Fresno evacuation scrutinized as Allegiant Air's safety record questioned

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An airline that launched from Fresno almost 20 years ago is under heavy scrutiny now after a '60 Minutes' report about its safety record. (KFSN)

An airline that launched from Fresno almost 20 years ago is under heavy scrutiny now after a "60 Minutes" report about its safety record.

The CBS News program said Allegiant may be the most profitable and dangerous airline in the country, citing their own analysis of public records revealing serious issues in flight.

RELATED: Allegiant Air under fire after '60 Minutes' safety report

The airline responded Monday, calling it a false narrative, and saying safety is at the core of their culture.

One of the incidents cited in the "60 Minutes" report happened on the tarmac at Fresno Yosemite International Airport.

RELATED: Smoke prompts airline evacuation after landing at Fresno-Yosemite International

Allegiant Air crew members opened the rear airstairs on Flight 514 last September and let passengers exit the plane after having them wait for several minutes as the cabin filled with smoke right after landing in Fresno.

"It got pretty bad in there," Steve Ramirez told Action News right afterward. "Really smoky, and it got bad in the eyes. My eyes are still burning and a lot of people started coughing. A couple babies were there. They were worried about the babies. So a little panic-struck with most the passengers."

Seven months later, Scott Shuemake found out the smoke he breathed came from a hazardous hydraulic fluid when he watched himself in a "60 Minutes" story about Allegiant and its safety issues.

He described the captain telling everyone to breathe through their shirts and questioned whether the airline wanted them to leave with their carry-ons to make everything look normal.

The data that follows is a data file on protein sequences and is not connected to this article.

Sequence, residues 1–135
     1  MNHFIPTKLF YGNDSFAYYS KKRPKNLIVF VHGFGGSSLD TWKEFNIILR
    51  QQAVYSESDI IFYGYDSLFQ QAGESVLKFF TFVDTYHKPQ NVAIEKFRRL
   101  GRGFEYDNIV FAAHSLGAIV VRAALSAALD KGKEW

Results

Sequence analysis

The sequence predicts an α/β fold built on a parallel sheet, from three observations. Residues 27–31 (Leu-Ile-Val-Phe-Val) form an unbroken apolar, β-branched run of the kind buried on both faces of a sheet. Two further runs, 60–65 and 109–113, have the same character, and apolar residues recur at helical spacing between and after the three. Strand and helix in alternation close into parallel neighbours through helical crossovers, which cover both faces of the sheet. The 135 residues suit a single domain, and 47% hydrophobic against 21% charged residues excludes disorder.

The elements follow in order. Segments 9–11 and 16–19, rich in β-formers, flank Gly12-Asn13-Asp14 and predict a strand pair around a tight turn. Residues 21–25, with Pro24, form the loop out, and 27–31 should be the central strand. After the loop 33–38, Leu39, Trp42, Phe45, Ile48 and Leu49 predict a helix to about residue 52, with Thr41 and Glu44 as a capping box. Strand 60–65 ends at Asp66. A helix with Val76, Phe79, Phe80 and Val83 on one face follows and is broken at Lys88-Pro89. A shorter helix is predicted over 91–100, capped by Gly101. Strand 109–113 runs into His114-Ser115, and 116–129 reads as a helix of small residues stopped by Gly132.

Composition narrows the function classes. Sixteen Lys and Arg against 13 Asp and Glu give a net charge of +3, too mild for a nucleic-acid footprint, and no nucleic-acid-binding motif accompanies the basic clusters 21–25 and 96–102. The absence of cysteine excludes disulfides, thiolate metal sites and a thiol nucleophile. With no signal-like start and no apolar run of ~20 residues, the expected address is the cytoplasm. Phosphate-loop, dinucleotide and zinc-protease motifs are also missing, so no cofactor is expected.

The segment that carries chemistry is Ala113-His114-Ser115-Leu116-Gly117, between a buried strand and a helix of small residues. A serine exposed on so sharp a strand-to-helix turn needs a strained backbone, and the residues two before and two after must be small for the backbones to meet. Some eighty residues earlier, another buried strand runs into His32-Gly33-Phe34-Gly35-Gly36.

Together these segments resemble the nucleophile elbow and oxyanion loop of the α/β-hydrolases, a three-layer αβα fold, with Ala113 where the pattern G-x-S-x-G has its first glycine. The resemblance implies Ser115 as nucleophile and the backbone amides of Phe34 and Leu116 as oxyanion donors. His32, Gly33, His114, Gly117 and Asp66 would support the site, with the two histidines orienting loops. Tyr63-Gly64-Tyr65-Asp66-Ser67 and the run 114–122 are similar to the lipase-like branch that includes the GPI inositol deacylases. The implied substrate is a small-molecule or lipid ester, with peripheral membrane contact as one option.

"60 Minutes" reported finding more than 100 serious mechanical issues reported on Allegiant flights between January 2016 and October 2017 -- and the Fresno incident wasn't even included.

After the story ran, Allegiant issued a statement saying "incidents referenced are years old, and took place before our most recent, comprehensive FAA audit."

"That kind of caught me off guard because obviously, our incident was in September," Shuemake said.

A quick search of the Action News archives uncovered small engine fires on a pair of Fresno Allegiant flights in 2015.

RELATED: Terrifying moments on a flight from Las Vegas to Fresno

RELATED: Fresno bound Allegiant Airlines flight evacuated

And on an Action News reporter's Facebook page, a long list of former passengers had complaints about delays and reported mechanical issues.

A spokesperson for the FAA says the agency reviewed Allegiant in 2016 and found no systemic safety issues. And he says this year, the airline has reported incidents like emergency landings and diversions are happening about half as often as they did in 2015.

That could be because the airline is replacing older MD-80 planes, which are responsible for many of the mechanical issues.

Late Monday, Senator Bill Nelson (D-Florida) called on the Federal Department of Transportation's Inspector General to investigate how the FAA oversees airline safety, with a focus on internal communications between Allegiant and the agency.

IN DEPTH: Letter calling for probe of Allegiant oversight

Fresno airport administrators referred us to Allegiant for any comments about safety, but confirmed the airline is transitioning to Airbus planes. They still intermittently fly MD-80s, and our online search showed one flying the night flight on April 16, but no others for a month.

Shuemake says it's a step in the right direction for safety, but he thinks there are management issues as well.

"It's not that we landed and the plane filled with toxic fumes," he said. "It's that we landed, the plane filled with toxic fumes, and they held us on the plane for 12 to 15 minutes while they consulted with headquarters to see what the heck to do about it."

Allegiant launched out of Fresno in 1998, but it went bankrupt two years later and got taken over by the current CEO, Maurice Gallagher, Jr., who held the same position at ValuJet.

He moved the headquarters to Las Vegas.
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